This week, I was a guest on a fantastic NPR segment about race and dating. A woman had written into a local paper’s advice column worrying she would always remain single because she’s black. A few years ago, if someone would’ve suggested race had anything to do with a woman’s marital status, I would’ve said he or she were full of hooey. Now, I’m not so sure.
In the last year, there have been countless articles suggesting black women, especially successful, educated ones, are the least apt to get married. A 2010 OKCupid study revealed black women get the fewest replies from potential online suitors. A 2009 CNN.com post quoted a census bureau survey indicating 45 percent of American black women have never been married compared to only 23 percent of white women. The same year, MSNBC placed the percentage at thirty-eight, suggesting, “African-American females do not fetch as much ‘value’ in the marriage market.” Then, of course, there was David Duke-dicked John Mayer.
All single women do battle with the tiny, media-born demon on their shoulder screaming, “Men don’t like smart women. Men don’t like women who are too successful. Your fertility is weakening. You have a better chance of being eaten by a walrus than finding love after thirty.” And now we’re hit with the fact that, in the dating market, skin color makes some of us as valuable as rotten plums in the produce aisle at Whole Foods. Maybe we should just bag it and become nuns.
So what gives? Supposedly, black men aren’t as interested in marriage, and when they are, they prefer women of other races. Meanwhile, many black females are told by men from other cultures how “exotic” they are rather than “pretty,” or how “wild” they think they would be in the sack. Maybe black women are sexual detours on certain guys’ road to pursuing Ms. Right, or worse, an opportunity to dabble in taboos. Some say certain men are put off by the stereotype of black women as domineering monsters who intimidate the hell out of everybody, including black men. There’s also the assumption that all black women are xenophobes who would never date outside their race.
Then there’s the more painful possibility that black women simply aren’t considered as “attractive” in American culture. We have the occasional Beyonce and Halle, but for the most part, black beauty isn’t prized. After the release of 2005’s Wedding Crashers, in which Owen Wilson and Vince Vaughan crash a bunch of weddings to hook up with cute bachelorettes, black writer Debra Dickerson wrote a piece about how the film contributed to her overarching feeling of invisibility.
“The crashers seduced their way through every culture and every ethnicity but mine,” Dickerson wrote. “Why don’t Owen and Vince want to seduce me, too?”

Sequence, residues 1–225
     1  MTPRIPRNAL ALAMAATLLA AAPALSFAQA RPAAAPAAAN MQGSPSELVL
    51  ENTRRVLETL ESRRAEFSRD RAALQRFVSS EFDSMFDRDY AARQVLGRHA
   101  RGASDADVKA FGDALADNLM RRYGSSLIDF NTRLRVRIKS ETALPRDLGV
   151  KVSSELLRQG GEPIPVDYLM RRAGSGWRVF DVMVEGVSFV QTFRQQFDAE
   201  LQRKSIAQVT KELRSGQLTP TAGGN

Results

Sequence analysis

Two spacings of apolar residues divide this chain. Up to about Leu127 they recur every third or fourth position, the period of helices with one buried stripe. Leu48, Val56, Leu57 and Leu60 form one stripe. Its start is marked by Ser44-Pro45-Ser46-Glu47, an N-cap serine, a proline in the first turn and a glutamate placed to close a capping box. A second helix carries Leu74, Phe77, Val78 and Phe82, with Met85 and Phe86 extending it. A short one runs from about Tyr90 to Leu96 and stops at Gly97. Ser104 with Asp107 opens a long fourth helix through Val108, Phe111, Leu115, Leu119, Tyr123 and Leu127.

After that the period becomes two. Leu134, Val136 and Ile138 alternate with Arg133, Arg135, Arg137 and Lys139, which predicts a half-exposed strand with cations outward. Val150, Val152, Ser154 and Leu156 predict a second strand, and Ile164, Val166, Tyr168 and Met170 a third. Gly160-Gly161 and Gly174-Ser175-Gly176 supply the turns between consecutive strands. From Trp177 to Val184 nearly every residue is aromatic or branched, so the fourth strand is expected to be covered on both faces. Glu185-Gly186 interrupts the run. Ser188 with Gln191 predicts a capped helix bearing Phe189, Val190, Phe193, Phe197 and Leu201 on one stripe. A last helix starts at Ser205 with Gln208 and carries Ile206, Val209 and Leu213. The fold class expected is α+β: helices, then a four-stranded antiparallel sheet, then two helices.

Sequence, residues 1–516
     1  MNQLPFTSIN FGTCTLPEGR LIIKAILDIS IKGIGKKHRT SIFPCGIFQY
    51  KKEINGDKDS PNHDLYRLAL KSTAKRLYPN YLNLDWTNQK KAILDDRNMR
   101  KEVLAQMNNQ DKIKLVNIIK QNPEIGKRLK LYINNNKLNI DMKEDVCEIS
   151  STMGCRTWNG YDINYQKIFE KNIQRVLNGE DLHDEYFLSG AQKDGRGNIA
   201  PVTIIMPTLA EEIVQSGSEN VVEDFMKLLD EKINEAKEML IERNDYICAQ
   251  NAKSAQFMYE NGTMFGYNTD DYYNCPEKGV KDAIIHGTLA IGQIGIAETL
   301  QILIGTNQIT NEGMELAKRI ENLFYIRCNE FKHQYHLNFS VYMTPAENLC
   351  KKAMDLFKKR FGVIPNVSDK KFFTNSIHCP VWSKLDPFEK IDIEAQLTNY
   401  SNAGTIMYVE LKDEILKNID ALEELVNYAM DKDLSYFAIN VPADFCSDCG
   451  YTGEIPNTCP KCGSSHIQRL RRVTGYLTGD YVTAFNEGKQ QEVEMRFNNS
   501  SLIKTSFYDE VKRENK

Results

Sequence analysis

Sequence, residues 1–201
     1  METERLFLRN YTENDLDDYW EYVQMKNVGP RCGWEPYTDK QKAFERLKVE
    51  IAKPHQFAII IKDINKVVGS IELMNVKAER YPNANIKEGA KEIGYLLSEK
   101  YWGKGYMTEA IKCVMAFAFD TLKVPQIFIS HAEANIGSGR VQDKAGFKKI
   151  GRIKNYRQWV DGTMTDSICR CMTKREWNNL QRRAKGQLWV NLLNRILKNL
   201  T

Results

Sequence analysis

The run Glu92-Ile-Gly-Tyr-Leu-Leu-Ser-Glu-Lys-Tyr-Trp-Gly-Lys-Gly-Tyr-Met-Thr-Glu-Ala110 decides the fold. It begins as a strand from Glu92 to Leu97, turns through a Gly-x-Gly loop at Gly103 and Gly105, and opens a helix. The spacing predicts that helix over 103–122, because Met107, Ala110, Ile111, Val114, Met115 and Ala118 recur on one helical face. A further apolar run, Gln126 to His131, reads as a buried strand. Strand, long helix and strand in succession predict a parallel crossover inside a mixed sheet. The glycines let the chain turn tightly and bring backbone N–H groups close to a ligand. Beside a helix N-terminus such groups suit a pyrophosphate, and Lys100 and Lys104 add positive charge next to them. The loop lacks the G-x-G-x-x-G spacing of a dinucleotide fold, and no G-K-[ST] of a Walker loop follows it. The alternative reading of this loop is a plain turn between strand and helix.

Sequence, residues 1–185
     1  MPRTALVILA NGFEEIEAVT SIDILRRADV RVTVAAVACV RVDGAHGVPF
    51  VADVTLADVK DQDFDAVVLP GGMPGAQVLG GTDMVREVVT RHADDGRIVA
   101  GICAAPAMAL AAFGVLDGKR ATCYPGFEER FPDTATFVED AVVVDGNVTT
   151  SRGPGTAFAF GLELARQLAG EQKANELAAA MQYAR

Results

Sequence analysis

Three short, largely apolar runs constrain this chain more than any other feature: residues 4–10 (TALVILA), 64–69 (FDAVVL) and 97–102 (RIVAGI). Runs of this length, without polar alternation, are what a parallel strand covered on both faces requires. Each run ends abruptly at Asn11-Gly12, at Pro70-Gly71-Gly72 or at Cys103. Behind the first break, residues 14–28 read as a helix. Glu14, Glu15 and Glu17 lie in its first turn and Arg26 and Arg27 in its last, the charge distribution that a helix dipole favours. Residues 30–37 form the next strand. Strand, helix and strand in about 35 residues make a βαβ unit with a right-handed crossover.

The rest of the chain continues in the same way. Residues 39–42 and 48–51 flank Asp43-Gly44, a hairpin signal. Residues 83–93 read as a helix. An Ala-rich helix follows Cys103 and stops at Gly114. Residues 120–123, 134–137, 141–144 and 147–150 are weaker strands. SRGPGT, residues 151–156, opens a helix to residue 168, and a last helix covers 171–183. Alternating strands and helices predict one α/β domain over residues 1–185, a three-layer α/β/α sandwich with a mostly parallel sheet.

Of course, it could be Ms. Dickerson and all my black friends are just a bunch of maladjusted weirdoes who, like millions of white women across the country, are too something-or-other to be considered marriage material. Certainly, there could be a whole hill of reasons why so many black women find themselves alone.
But the marriageless-ness of black women is more than an interesting trend to ponder. It’s deeply personal. Agonizing. Every single woman must feel a sting when the culture tells her, “You’re too smart to find a man.” But imagine being told, “You’re just not desirable enough and never will be.”
Rather than shoving bad news down our throats, I wish the culture would do something about it. Don’t keep breaking our hearts. Don’t abandon us. It’s aggravating how often America’s single women are told their intelligence, their desire for public recognition, their sexual confidence and economic self-sufficiency are reasons they’ll never have companionship and love. These articles and so-called studies give us all the reasons we can’t have what we need, but offer no advice on what to do about it, let alone offer condolences. And now black women are told we’ve lost the race before we’ve even left the gate.
I say screw it. The answer is probably, ‘yes,’ if you’re a black woman, finding a life partner won’t be easy. But the same is true if you’re over 35, a single mother or obsessed with vampire novels. It’s harder, but not impossible. Really, you’re only going to meet one or two people in your lifetime you’ll want to take the plunge with anyway.
Even if you look like Donna Reed.
**Check out the segment on interracial dating on 90.9 WBUR’s Radio Boston program at http://www.wbur.org/2010/08/19/love-letters-3.